might devote himself more unreservedly to the business of preaching, and of
compiling various works designed to illustrate the antiquities of the Aztecs.
For these literary labours he found some facilities in the situation which he
continued to occupy, of reader, or lecturer, in the College of Santa Cruz, in
the capital.

The "Universal History" was concocted in a singular manner. In order to
secure to it the greatest possible authority, he passed some years in a
Tezcucan town, where he conferred daily with a number of respectable natives
unacquainted with Castilian. He propounded to them queries, which they,
after deliberation, answered in their usual method of writing, by
hieroglyphical paintings. These he submitted to other natives, who had been
educated under his own eye in the College of Santa Cruz; and the latter,
after a consultation among themselves, gave a written version, in the Mexican
tongue, of the hieroglyphics. This process he repeated in another place, in
some part of Mexico, and subjected the whole to a still further revision by a
third body in another quarter. He finally arranged the combined results into
a regular history, in the form it now bears; composing it in the Mexican
language, which he could both write and speak with great accuracy and
elegance, - greater, indeed, than any Spaniard of the time.

The work presented a mass of curious information, that attracted much
attention among his brethren. But they feared its influence in keeping alive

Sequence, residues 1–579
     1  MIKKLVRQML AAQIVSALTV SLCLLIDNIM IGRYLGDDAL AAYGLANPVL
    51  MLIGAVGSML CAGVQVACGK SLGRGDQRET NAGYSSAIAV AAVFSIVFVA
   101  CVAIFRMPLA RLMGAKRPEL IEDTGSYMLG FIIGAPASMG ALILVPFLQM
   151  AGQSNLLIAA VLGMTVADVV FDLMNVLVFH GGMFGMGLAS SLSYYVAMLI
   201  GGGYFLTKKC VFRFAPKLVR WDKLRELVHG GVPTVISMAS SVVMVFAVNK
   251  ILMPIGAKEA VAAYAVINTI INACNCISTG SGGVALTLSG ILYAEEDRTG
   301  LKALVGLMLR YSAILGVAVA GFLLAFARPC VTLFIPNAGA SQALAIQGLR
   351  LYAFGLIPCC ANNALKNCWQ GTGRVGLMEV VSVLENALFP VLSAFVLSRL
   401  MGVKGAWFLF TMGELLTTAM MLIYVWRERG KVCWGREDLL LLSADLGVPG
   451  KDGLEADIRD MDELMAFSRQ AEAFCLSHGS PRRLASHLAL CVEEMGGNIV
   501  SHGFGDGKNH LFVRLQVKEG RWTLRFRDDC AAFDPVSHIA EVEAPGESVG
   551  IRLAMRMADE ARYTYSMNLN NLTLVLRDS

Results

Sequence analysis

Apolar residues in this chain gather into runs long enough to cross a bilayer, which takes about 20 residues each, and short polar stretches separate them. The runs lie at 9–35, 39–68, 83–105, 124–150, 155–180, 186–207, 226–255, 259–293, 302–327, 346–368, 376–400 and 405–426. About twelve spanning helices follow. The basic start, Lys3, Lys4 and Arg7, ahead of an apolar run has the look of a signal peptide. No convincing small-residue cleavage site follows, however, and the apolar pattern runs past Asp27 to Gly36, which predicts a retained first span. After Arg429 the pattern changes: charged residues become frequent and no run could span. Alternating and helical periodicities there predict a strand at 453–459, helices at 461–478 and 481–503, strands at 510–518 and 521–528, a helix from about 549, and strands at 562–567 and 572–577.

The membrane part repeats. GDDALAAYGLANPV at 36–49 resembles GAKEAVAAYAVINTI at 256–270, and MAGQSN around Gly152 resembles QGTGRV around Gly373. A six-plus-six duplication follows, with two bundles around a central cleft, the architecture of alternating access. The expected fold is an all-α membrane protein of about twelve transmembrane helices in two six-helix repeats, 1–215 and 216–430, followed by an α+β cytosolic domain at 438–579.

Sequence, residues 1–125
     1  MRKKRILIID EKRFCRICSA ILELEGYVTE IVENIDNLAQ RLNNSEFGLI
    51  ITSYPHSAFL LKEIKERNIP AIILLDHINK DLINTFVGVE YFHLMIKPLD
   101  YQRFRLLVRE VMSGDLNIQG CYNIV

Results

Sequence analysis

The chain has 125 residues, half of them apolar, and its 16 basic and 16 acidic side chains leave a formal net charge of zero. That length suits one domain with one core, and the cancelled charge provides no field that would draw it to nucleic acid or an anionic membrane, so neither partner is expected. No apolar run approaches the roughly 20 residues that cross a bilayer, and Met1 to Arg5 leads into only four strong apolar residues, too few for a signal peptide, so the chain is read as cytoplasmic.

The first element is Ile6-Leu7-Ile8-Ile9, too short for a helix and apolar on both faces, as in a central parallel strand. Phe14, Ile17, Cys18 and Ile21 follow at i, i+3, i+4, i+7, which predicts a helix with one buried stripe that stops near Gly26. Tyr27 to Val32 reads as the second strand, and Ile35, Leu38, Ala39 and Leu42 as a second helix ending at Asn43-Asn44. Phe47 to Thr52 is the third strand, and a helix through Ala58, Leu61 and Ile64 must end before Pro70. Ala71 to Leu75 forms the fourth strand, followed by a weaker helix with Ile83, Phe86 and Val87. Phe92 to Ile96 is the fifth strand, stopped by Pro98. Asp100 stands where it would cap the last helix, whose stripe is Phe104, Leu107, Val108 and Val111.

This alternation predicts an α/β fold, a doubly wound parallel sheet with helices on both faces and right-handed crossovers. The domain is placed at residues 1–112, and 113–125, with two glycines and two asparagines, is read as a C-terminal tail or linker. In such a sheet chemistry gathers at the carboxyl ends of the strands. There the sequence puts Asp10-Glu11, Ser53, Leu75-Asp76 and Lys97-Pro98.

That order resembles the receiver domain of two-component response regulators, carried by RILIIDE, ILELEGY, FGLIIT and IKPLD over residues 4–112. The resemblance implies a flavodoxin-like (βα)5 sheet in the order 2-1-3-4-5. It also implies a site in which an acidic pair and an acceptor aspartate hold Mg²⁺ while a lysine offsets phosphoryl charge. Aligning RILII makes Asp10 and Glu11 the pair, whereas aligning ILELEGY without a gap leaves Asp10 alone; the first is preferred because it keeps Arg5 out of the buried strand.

in the natives a too vivid reminiscence of the very superstitions which it
was the great object of the Christian clergy to eradicate. Sahagun had views
more liberal than those of his order, whose blind zeal would willingly have
annihilated every monument of art and human ingenuity which had not been
produced under the influence of Christianity. They refused to allow him the
necessary aid to transcribe his papers, which he had been so many years in
preparing, under the pretext that the expense was too great for their order
to incur. This occasioned a further delay of several years. What was worse,
his provincial got possession of his manuscripts, which were soon scattered
among the different religious houses in the country.

In this forlorn state of his affairs, Sahagun drew up a brief statement
of the nature and contents of his work, and forwarded it to Madrid. It fell
into the hands of Don Juan de Ovando, president of the Council for the
Indies, who was so much interested in it that he ordered the manuscripts to
be restored to their author, with the request that he would at once set about
translating them into Castilian. This was accordingly done. His papers were
recovered, though not without the menace of ecclesiastical censures; and the
octogenarian author began the work of translation from the Mexican, in which
they had been originally written by him thirty years before. He had the
satisfaction to complete the task, arranging the Spanish version in a
parallel column with the original, and adding a vocabulary, explaining the
difficult Aztec terms and phrases; while the text was supported by the
numerous paintings on which it was founded. In this form, making two bulky
volumes in folio, it was sent to Madrid. There seemed now to be no further
reason for postponing its publication, the importance of which could not be
doubted. But from this moment it disappears; and we hear nothing further of
it, for more than two centuries, except only as a valuable work, which had